Sometimes it does seem it’s a case of outright prejudice. Jen told me: “I was pretty stunned to be told last year by a dude-who-shall-not-be-named that as a female I would never find myself being invited to film on expeditions because a woman would upset the dynamic of a male team to the point of those men not knowing how to act...!”
A big limiting factor though appears to be women’s own attitudes. British snowboarder Jules Pickering - the first woman to climb and board down the three highest mountains in Arctic circle, whose film ‘Taming the Bear’ charts the first descent of Alaska’s Mt Bear, told me: “I honestly find it very difficult to find other women to do these types of expeditions. There are some amazing women rocking it in the park, pipe and freeride competitions on skis and snowboards. But when it comes to camping in seriously cold temperatures to climb and ride a big mountain in an extremely remote environment, I struggle to find other girls wanting to do it. As in ‘Taming The Bear’ I am often the only female.”
That chimed with an interview I’d done with Lucy Creamer (pictured right © Tim Glasby) ahead of our Women’s Climbing Night. “As women generally we’re not as gung ho as men. I remember early on in my climbing going to the climbing wall and having sessions with people down there and obviously most were men and what I noticed was they’d just throw themselves at something and I’d just hold back even though I was one of the better climbers in the group I’d think ‘I won’t be able to do that’ and they’d wander off to the next one and I’d sneak a little try when noone was looking. And I thought ‘What am I doing, they’ve tried and failed and nobody cared?’. I kind of got over that but I definitely remember that at the start. It’s why I really liked climbing with men – they just tried things, didn’t care how they looked or what people were thinking – they just had a go and it was quite a good lesson early on.”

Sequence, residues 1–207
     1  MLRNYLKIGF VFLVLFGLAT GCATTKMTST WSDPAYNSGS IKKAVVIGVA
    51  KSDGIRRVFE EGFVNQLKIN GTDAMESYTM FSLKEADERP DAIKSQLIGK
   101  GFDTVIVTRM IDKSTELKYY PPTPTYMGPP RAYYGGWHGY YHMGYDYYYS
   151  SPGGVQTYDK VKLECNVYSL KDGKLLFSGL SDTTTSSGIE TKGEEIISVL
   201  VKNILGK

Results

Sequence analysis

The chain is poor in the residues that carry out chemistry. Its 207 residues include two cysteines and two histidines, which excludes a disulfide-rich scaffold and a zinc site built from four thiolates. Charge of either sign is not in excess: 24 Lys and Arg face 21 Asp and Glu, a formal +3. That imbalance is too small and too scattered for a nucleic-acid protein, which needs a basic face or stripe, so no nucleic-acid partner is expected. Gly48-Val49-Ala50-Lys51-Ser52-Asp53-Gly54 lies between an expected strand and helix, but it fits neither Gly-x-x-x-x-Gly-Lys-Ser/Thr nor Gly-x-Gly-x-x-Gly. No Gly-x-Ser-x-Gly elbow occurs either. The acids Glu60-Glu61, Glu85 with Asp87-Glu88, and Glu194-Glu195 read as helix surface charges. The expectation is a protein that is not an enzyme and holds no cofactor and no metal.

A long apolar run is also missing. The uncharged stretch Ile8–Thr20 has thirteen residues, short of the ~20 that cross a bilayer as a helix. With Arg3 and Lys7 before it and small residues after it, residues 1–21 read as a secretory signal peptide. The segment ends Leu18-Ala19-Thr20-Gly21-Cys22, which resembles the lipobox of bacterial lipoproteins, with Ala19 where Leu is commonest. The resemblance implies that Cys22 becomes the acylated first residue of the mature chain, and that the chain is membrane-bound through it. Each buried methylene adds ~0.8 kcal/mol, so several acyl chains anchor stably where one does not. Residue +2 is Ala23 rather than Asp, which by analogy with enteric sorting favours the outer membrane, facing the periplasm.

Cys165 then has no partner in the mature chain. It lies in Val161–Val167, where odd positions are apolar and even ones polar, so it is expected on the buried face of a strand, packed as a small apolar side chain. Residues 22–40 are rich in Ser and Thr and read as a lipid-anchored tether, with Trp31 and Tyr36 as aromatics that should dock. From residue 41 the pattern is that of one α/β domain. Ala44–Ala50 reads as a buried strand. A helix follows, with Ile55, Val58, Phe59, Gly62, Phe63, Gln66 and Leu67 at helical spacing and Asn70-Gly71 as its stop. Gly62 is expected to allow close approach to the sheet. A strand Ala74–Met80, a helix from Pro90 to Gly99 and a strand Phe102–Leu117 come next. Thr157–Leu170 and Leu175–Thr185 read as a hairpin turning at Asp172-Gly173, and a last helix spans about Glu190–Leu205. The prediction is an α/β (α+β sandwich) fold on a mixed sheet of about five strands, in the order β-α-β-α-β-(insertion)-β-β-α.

Lucy believes the fear of failure is too often an attitude that’s instilled in girls from childhood. She says, “You look at young kids together and it’s naturally assumed a boy can just have a go at something. You’ll see adults say to boys ‘Go on, give it a go’ even if they don’t want to but with a girl adults are a lot more inclined to say ‘If you don’t want to, you don’t have to’. It’s almost like girls are encouraged to not to try whereas boys are encouraged to try. And if you grow up in a society like that men feel they can try things whereas women don’t feel so confident.”
Jules also questions whether the sexualisation of women in adventure sports is a problem. “A certain popular online adventure film website frequently features stuff that encourages the idea that women should be hot, blonde and in a bikini to make it in this genre. This stereotype is often placed in girls heads at a very young age. They are not exposed to strong women breaking the mould in an expedition environment.”